Lutz Blog

Bob Lutz: What to make of Alex Rodriguez’s strong season

The New York Yankees' Alex Rodriguez high-fives third base coach Joe Espada after a solo home run in the first inning against the Tampa Bay Rays at Tropicana Field on Tuesday.
The New York Yankees' Alex Rodriguez high-fives third base coach Joe Espada after a solo home run in the first inning against the Tampa Bay Rays at Tropicana Field on Tuesday. TNS

There’s an elephant in the room and he wears No. 13 for the New York Yankees.

He is one of the most-detested players in baseball, a 40-year-old has-been (we thought) the Yankees would have locked out of spring training this season if they didn’t owe him so much money.

He missed all of the 2014 after being suspended for 162 games because of his alleged involvement in the Biogenesis scandal, a penalty that originally consisted of 211 games. He played in only 44 games in 2013.

The thinking was that Alex Rodriguez – aka “A-Rod” – would be more of a distraction in 2015 than a performer. He was washed up, we believed, because of his age and past indiscretion with performance-enhancing chemicals. There was actual sympathy for the hated Yankees, believe it or not, because they were forced to carry this high-paid albatross around their neck.

I was anti-Alex. You were probably anti-Alex. We piled on because A-Rod had cheated the game and made just more than $378 million while doing so.

We looked forward, with glee, at the prospect of Rodriguez swinging what would amount to a rolled-up newspaper at the plate this season. He would be lucky to bat .200. If he hit a home-run, we believed, men in white coats should greet him at home plate with a syringe to check him out.

If Rodriguez was going to play – and his contract with the Yankees that runs through the 2017 season is the only reason he’s playing this season – at least we would get to see him struggle.

Well, A-Rod isn’t struggling. He’s prospering. He’s been a middle-of-the-order run producer for the Yankees with 32 homers, 83 RBIs and an .866 OPS. Rodriguez doesn’t play in the field anymore, but his bat is volatile.

Alex Rodriguez is getting the last laugh and it pains me to say so.

The Yankees are three games behind the Toronto Blue Jays in the American League East and 2.5 games ahead of Houston for the AL’s first wild-card slot. They lead Minnesota, also chasing a wild-card, by four games.

Rodriguez had a terrible August, batting just .153 with five extra-base hits. Finally, we thought, A-Rod was finished and we would not have to see him again.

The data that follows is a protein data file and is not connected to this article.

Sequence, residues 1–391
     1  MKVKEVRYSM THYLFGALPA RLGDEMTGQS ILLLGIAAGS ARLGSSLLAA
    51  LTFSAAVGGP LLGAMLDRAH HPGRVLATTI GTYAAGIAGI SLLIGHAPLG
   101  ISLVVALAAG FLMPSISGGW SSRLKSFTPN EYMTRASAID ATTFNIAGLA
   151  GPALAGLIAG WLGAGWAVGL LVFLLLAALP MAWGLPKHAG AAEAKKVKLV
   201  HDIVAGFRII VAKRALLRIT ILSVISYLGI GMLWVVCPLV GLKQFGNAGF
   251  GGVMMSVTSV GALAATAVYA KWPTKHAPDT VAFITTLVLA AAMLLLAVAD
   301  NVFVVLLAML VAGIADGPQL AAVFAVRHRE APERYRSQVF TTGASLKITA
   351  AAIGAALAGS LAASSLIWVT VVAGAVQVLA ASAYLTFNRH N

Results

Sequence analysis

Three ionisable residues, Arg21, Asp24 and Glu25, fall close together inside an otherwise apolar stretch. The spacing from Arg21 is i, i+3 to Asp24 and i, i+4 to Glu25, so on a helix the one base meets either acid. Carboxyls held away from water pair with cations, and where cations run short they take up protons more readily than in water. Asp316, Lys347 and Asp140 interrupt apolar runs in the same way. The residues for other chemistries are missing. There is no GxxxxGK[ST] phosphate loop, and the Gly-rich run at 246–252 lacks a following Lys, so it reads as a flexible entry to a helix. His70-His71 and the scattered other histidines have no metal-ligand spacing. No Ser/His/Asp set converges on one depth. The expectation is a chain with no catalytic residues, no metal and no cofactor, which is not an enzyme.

But in 13 September games, Rodriguez has six homers, 12 RBIs and a .994 OPS. He’s swinging it again.

We anti A-Rod folks watched in horror this season as Rodriguez topped 3,000 hits and passed Willie Mays amongst the game’s all-time home-run hitters. He’s currently sitting at 686 homers, set to soon join Babe Ruth, Henry Aaron and that other cheater, Barry Bones, as the only players in MLB history with 700 or more homers.

Rodriguez has played in 133 games in 2015 and headed for his most games since 2007.

Rodriguez’s OPS is his highest since 2009 and he’s already hit more home runs than in any season since 2008.

A-Rod isn’t what he was in his prime, when many believe he was boosted by enhancers. But he’s been much more for the Yankees in 2015 than anyone could have imagined.

He’s part of a strong lineup that includes Jacoby Ellsbury, Brett Gardner, Carlos Beltran, Brian McCann, Chase Headley, Didi Gregorius and, until recently, Mark Teixeira, who is out for the season with an injury. And he’s fit in well.

When I watch the Yankees, A-Rod’s teammates seem to like the guy. That bothers me because I don’t like the guy. I’m petty that way.

Then again, I’m basing my dislike on a strong belief that the A-Rod legacy cannot be trusted.

But his numbers this season can be trusted, right? Baseball has a stringent, strongly-enforced policy against performance-enhancing drugs. Offense has been declining for several seasons and pitchers are dominant.

Yet Rodriguez has risen from the ashes. Or from a vile, which may be a more appropriate description of his renaissance.

Reluctantly, people are giving him his due. I fall into that category, for sure. I never thought Rodriguez would have this kind of season and it must feel really good to be able to look at his skeptics with such robust offensive numbers backing him.

I still don’t care for A-Rod. I still think much of his career is a fraud. I still don’t think he should be in the Hall of Fame. If the Yankees get to the playoffs, I hope he stinks it up.

But give the guy credit – he’s had a heck of a year.

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